Finally, a few pictures of two other memorable characters from Assassination Vacation. Vowell is clearly intrigued by the way that John Wilkes Booth’s brother Edwin’s acting career and social standing survived after his brother killed the much loved (and not least of all by Vowell herself) Abraham Lincoln. She writes of passing Edwin’s statue in Gramercy Park and visiting New York City’s Players Club, which he founded.

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Here he is as Hamlet ( LC-USZ62-53046) and out of costume ( LC-DIG-cwpbh-00728).

 

And then there is Robert Todd Lincoln, or, as Vowell deems him, the “presidential angel of death.” His connection to Lincoln is obvious, but it is his weird coincidental eyewitnessing of Garfield’s and missing by moments McKinley’s assassinations that gains him this Vowellian tag. Moreover, although a fan of his father’s, she isn’t one of his son’s.

Possible explanations for her antipathy:

  • when Mary Todd Lincoln fought his efforts to have her placed in an asylum, son Robert “instigated a nasty public insanity trial.”
  •  as Garfield’s Secretary of War, RTL was responsible for seeing that the relief ship to support the Greely North Pole expedition was dispatched to the 25-man team with supplies for their second year in the Arctic. It was never sent, and 19 died. The remaining six survived by eating their dead comrades. When the cannibalized corpses were discovered, the government claimed that the survivors had used the dead as “shrimp bait.” Vowell notes: “That’s how ugly the scandal was — that turning human flesh into shrimp bait was the positive spin.”
  • during McKinley’s term, Robert served as special counsel to the Pullman company during its suppression of labor negotiators.  
  • yet he survived to represent his family, “clearly enchanted,” at the dedication of the Lincoln Memorial in 1922.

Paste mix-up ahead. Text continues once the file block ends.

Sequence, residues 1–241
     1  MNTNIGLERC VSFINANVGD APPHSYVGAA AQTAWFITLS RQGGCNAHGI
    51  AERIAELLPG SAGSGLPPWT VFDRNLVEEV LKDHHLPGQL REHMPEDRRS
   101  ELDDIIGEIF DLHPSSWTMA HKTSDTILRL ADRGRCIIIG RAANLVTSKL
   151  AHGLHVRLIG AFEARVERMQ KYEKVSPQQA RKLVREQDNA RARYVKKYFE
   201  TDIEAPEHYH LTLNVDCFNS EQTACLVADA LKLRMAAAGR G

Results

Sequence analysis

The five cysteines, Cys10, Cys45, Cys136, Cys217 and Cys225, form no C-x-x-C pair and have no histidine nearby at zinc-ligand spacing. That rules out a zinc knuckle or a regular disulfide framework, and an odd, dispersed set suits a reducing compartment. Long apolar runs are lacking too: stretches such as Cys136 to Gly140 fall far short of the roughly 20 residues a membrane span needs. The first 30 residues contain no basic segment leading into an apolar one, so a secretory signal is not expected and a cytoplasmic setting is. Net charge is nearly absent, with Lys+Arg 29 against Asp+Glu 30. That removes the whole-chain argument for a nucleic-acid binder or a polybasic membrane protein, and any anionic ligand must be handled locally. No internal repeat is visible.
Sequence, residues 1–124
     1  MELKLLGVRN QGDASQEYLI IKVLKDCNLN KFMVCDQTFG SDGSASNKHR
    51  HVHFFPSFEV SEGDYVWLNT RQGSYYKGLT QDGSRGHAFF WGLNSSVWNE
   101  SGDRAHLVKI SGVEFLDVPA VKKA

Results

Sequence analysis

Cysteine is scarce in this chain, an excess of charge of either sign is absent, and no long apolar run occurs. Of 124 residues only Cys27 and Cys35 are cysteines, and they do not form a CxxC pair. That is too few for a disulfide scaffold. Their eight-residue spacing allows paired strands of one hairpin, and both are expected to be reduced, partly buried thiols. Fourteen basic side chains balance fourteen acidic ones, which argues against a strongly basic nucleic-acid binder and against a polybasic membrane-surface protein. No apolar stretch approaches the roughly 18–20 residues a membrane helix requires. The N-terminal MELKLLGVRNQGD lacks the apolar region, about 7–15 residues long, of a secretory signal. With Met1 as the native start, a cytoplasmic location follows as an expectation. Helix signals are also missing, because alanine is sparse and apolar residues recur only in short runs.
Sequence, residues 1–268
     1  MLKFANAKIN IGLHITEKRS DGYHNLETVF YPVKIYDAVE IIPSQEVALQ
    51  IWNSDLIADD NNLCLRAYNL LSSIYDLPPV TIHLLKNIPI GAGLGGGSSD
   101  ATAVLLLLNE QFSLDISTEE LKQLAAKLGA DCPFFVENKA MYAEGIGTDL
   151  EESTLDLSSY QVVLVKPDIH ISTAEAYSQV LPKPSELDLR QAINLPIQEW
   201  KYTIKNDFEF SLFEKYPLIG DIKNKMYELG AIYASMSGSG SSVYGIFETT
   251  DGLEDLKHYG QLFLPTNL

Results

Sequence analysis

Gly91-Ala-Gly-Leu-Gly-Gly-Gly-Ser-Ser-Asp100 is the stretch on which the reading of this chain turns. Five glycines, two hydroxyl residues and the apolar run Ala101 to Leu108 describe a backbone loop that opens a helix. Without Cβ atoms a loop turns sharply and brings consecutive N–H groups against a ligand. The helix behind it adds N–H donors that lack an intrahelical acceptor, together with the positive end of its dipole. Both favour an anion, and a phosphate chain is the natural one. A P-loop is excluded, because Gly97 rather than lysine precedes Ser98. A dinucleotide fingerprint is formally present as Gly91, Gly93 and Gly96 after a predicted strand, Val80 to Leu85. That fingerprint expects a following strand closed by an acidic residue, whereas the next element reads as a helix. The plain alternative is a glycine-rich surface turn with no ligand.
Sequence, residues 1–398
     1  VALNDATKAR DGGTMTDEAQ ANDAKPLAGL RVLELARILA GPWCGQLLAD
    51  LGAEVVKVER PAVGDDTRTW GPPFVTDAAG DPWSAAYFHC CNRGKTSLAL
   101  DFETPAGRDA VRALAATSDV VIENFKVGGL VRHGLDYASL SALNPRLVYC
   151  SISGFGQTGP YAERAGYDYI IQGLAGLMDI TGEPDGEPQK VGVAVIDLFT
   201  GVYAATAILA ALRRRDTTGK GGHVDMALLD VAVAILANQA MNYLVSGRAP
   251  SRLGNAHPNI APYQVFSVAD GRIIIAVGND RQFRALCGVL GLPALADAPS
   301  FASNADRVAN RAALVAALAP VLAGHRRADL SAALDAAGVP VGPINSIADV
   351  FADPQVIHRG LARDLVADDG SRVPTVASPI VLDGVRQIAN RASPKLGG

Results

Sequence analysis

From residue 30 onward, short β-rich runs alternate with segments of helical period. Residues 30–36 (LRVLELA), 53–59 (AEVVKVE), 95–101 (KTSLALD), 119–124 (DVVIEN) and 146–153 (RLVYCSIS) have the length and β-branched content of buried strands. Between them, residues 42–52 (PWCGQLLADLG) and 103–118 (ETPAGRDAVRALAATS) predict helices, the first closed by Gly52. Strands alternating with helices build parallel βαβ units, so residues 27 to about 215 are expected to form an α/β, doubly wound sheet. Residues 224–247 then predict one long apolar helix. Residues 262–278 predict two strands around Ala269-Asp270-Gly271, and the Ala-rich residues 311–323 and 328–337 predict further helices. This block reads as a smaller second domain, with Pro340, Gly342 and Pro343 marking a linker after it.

• rbt todd

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Robert Todd Lincoln in 1865 (LC-DIG-ppmsca-19229) and 1922 (LC-USZ62-33031)

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Another Day on the Assassination Vacation

Posted by Laurie Frost on August 1, 2009

When we left Sarah Vowell she was visiting the grave of James Garfield and on the way to William McKinley’s in Canton, Ohio, which she describes as “a gray granite nipple on a fresh green breast of grass.” The website for his home, now the William McKinley Presidential Library and Museum, has copyright notices, but the mausoleum is a national historic landmark, and I found this on a National Park Service webpage.mckinley2

McKinley was in his second term of office when he was assassinated by the anarchist Leon Czolgosz at the Pan-American Exposition in Buffalo, New York, in the Temple of Music, now, along with all but one of the event’s buildings, demolished. But pictures and movies remain. Vowell notes that the Library of Congress has some reels of film by Thomas Edison of the Exposition, and among these is a re-enactment of Czolgosz’s execution in the electric chair.  Here’s a link. (Did you know that the electric chair was first used at New York State’s Auburn Prison in 1890? This is the kind of thing Sarah Vowell knows.)